Tying in with our XCO-theme, coaching masterminds’ DR MIKE POSTHUMUS AND BEN CAPOSTAGNO explain what it takes to succeed at this discipline.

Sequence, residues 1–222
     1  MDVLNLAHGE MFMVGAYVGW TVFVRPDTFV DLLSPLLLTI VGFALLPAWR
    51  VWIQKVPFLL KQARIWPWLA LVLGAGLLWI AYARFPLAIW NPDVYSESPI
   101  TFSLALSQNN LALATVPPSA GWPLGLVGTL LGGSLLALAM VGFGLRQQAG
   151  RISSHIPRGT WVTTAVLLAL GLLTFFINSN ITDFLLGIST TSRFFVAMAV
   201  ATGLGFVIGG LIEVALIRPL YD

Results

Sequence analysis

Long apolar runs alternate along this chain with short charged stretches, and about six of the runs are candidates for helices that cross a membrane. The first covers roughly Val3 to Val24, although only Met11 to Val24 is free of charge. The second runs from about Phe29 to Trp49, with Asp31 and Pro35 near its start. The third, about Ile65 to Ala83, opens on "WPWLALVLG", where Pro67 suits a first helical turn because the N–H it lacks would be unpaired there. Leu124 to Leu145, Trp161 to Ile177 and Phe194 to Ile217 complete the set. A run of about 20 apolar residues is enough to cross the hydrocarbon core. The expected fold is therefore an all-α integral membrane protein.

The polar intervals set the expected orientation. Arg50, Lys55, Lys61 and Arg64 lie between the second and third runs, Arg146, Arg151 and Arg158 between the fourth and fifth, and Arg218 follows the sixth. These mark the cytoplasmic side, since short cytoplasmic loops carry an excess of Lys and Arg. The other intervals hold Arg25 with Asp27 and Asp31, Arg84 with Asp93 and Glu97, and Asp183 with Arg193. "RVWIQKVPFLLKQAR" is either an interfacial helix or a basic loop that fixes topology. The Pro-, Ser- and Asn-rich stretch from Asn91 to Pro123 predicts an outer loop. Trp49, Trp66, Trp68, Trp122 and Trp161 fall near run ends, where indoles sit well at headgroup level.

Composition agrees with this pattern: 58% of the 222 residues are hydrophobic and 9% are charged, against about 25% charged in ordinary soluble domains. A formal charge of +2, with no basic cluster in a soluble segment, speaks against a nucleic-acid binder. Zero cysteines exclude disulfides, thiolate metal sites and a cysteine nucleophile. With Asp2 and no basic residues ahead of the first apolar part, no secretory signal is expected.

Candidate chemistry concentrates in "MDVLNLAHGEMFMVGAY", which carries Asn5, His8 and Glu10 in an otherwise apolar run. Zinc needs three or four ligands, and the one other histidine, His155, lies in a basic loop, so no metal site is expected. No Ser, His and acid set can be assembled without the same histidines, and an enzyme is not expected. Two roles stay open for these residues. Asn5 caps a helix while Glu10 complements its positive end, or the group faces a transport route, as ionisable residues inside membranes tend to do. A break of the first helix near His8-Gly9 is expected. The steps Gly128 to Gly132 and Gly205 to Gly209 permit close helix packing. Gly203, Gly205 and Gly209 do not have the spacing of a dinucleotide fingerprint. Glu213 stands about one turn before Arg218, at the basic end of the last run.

An XCO race is a mass start event that typically lasts between 90 and 105 minutes and takes place over numerous laps of a predetermined course. The course usually consists of climbs, technical descents and singletrack. The intermittent nature of XCO requires specific physiological characteristics, which may differ from those required for success in other cycling disciplines. In this article, we will discuss what it takes to be a successful XCO racer. ON YOUR MARKS … A lap of an XCO circuit will have a large amount of singletrack, which may make passing slower riders tricky. Riders’ starting positions are determined based on the ranking relevant to the specific race. Starting towards the back of the field will result in an immediate disadvantage, compared to riders who start towards the front and can continue to ride at their desired pace. Researchers at Massey University in New Zealand performed a longitudinal analysis of the effect start positions had on finishing positions in UCI World Cups from 1997 – 2007. Their results showed that finishing positions are highly dependent on start positions. In addition, the researchers recommended that developing athletes should explore strategies that could assist them in improving their starting position. THE PHYSIOLOGY OF XCO Physiological variables determined during standard laboratory testing fail to predict XCO performance on their own. The main reason for this is the absence of an “XCO-specific” test that can provide better insight into the rider’s ability to cope with the demands of the event. 1 Oxidative (aerobic) capacity Endurance or oxidative capacity is often determined by measuring two variables: + VO2Max – The athlete’s maximal rate of oxygen uptake and use + Peak power output (PPO) – Which is the final workload (power output) reached during a standard incremental test in a laboratory Both VO2max and PPO have been associated with XCO performance. However, despite the somewhat strong association between oxidative capacity and XCO performance, the intermittent nature of XCO racing places a high premium on glycolytic (anaerobic) capacity. 2 Glycolytic (anaerobic) capacity Initial research into factors associated with XCO performance were fairly unidimensional and only examined the association between data from standard VO2max testing (VO2max, PPO and threshold) and XCO performance. Researchers quickly discovered that despite the strong correlations between these variables and XCO performance, a big part of the proverbial puzzle was missing. The intermittent nature of XCO racing means that performance will most likely be heavily reliant on an athlete’s ability to repeatedly produce a highpower output. A recent study examined the association between intermittent power output, measured by a series of sprints with short rest or recovery periods and XCO performance. The study made use of an intermittent power test, which consisted of 20 intervals of 45 seconds of work and 15 second rest periods. The cyclists in this study also performed a 20-minute time-trial in order to determine their Functional Threshold Power (FTP) (95% of the average power output for the 20 minute effort). The cyclists then all took part in an XCO race and the relationship between relative FTP, Intermittent Power (IP) and race performance was examined. Interestingly, the best predictor of XCO race performance was in fact the intermittent power test. While the association between FTP and race performance was strong, it was not as good a predictor of performance as IP was. The increased popularity and availability of power meters means that intermittent power output can be determined from a field test or training session. For example, two sets of 6 x 40 second sprints with 20 seconds of recovery (A session commonly referred to as 40:20’s), can provide a useful performance predictor for XCO athletes. SKILLS WILL PAY THE BILLS XCO tracks are becoming increasingly technical and this places a high premium on the skill level of XCO racers. Riders who are able to successfully negotiate technical singletrack descents without additional pedalling, should recover faster than their less skilled competitors. In addition, recognising the most appropriate line is also an important skill to master. In summary, XCO performance will be determined by a host of factors including an athlete’s aerobic capacity, their ability to repeatedly produce high power outputs and their skill level.